Thursday, October 22, 2009

Software refinement -- from research to products -- an image processing example

We have discussed the birth of image processing with Ivan Sutherland's Sketchpad program in the 1960s. As we see in this video, Sketchpad could draw, rotate, resize, copy and combine images.

Since Sutherland's research, there has been tremendous improvement in hardware technology and innumerable engineering refinements to image processing software.

Software refinements require research and the development of prototypes before they become product features. Consider, for example, the PatchMatch algorithm developed in collaboration between Princeton University and Adobe Systems. Here we see a paper describing the algorithm and some demonstration videos. The paper was presented and the videos shown at an academic engineering conference.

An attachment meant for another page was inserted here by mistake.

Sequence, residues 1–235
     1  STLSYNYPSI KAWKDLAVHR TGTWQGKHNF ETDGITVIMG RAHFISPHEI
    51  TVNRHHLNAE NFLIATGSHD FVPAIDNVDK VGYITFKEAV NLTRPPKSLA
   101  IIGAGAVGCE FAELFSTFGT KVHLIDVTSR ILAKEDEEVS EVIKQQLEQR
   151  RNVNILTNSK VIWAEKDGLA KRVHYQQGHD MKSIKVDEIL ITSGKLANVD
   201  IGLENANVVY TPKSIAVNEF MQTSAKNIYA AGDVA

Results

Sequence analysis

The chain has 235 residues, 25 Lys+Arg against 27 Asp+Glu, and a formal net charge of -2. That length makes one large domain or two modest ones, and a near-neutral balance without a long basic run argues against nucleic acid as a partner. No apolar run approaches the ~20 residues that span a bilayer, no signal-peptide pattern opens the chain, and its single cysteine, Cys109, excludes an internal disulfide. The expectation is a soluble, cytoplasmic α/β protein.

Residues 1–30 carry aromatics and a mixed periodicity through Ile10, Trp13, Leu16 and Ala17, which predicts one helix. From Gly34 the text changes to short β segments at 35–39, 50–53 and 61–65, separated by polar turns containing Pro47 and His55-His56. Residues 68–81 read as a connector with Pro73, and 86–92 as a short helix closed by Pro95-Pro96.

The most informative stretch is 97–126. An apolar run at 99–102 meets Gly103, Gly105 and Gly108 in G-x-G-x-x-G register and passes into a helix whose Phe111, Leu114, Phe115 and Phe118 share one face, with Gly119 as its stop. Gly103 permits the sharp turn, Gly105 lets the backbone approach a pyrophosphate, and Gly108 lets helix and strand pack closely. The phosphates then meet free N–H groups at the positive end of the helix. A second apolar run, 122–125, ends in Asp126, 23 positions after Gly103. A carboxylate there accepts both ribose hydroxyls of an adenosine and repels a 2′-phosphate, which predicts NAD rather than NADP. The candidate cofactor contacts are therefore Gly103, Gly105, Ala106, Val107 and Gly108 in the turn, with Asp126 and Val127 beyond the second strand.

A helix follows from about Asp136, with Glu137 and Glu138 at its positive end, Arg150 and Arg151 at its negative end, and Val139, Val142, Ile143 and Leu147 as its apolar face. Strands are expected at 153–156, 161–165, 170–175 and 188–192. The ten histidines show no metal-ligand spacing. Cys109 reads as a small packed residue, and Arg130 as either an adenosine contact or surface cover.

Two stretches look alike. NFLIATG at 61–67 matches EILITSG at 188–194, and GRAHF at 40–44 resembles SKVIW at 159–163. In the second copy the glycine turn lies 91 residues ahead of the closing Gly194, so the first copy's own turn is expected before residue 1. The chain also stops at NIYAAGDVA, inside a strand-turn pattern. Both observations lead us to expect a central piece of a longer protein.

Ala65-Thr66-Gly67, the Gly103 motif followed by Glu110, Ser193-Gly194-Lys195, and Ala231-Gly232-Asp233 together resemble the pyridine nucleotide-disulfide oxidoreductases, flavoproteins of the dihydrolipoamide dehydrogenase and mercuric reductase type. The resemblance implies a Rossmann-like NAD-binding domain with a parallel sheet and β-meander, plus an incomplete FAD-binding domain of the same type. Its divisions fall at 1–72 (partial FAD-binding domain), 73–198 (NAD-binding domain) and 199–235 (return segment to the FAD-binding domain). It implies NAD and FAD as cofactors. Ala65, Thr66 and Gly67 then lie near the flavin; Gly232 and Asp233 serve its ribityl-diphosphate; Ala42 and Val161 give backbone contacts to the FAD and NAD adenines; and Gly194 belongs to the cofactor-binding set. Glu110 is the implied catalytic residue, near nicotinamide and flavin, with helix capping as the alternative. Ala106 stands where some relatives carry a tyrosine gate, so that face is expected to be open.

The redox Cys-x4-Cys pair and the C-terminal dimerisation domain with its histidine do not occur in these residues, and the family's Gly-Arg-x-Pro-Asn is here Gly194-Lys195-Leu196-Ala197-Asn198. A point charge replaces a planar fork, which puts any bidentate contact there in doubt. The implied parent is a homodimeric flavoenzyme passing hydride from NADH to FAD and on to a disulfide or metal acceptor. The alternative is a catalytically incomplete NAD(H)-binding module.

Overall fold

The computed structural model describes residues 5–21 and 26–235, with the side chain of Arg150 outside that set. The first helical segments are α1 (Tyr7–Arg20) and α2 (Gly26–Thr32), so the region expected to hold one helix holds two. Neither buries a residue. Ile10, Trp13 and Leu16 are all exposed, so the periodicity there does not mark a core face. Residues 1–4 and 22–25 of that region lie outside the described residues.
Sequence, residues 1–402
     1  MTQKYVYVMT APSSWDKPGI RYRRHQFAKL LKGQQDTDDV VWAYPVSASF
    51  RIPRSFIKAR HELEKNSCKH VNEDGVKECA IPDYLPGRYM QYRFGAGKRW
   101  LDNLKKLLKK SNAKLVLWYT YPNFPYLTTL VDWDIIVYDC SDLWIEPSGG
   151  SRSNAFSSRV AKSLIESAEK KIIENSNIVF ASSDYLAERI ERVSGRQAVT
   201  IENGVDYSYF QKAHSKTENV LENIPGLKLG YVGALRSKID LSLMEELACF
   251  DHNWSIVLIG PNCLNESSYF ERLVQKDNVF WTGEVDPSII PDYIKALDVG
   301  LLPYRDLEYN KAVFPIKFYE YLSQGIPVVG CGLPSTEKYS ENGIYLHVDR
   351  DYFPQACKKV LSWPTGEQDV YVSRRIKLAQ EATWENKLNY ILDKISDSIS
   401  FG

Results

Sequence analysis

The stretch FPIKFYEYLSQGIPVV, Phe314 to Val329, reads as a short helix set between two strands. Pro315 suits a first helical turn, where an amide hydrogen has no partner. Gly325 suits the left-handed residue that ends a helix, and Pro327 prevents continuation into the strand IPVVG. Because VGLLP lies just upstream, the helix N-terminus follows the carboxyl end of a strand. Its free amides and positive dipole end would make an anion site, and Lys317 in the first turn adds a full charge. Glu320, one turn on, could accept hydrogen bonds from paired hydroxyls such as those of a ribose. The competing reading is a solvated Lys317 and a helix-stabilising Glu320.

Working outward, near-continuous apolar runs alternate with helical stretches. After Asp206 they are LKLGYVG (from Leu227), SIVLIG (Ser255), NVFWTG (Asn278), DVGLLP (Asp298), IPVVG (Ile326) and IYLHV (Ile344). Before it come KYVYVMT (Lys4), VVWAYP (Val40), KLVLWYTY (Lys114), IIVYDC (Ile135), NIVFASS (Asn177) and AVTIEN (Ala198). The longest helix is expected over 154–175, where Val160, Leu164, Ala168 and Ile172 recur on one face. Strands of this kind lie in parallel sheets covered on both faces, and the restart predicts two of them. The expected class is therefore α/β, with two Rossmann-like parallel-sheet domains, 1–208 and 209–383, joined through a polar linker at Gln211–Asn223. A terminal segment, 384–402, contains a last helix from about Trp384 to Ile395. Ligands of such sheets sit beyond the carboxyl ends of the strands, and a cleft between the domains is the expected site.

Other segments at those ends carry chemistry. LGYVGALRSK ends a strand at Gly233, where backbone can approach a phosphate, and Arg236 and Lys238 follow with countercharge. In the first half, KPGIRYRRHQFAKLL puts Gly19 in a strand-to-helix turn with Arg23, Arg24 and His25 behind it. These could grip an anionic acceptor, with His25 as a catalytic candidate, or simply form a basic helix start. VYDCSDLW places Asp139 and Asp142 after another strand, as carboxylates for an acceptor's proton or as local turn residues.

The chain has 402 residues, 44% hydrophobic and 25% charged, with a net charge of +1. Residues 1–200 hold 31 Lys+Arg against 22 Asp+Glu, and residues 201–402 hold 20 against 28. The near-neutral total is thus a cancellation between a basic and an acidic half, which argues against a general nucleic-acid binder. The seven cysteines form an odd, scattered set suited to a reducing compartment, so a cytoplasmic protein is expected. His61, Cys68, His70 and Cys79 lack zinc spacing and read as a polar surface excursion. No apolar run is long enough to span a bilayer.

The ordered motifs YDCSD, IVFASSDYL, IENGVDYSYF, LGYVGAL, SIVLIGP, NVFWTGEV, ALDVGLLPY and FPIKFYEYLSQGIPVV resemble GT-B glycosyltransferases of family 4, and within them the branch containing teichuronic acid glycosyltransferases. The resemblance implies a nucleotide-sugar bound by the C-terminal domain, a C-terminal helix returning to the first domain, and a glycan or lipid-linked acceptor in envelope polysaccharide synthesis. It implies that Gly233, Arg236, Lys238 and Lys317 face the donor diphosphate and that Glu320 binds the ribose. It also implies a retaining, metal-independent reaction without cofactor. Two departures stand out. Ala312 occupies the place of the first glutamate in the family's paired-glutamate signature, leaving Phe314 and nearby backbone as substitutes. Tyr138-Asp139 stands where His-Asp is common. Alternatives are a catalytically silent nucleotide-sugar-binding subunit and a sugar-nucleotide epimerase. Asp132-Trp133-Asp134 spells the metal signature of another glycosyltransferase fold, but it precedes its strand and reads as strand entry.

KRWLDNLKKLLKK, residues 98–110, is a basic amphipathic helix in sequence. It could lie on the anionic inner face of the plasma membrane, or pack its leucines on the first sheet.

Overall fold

Successful research like the PatchMatch algorithm is subsequently incorporated into commercial products. Here you see a demonstration of tools that use PatchMatch for image retargeting, completion and reshuffling integrated into Adobe Photoshop. The tools are being demonstrated at a trade show, and it is probably safe to say they will be in the next version of Photoshop.

This is typical of engineering refinements to software. A prototype is developed in a research lab and it later becomes a product.

Researchers typically work on things that are too demanding for the technology of the day. Some of the Princeton videos are shown at 5 times actual speed because it takes time to compute the new images. By the time these features are released in Photoshop, hardware will have improved and they will execute rapidly.

Note that Sutherland's work was a pure university effort, but PatchMatch was a joint effort between a university and a company. Many significant advances have come from industrial research labs. Can you find some interesting prototypes and projects at Microsoft Research?

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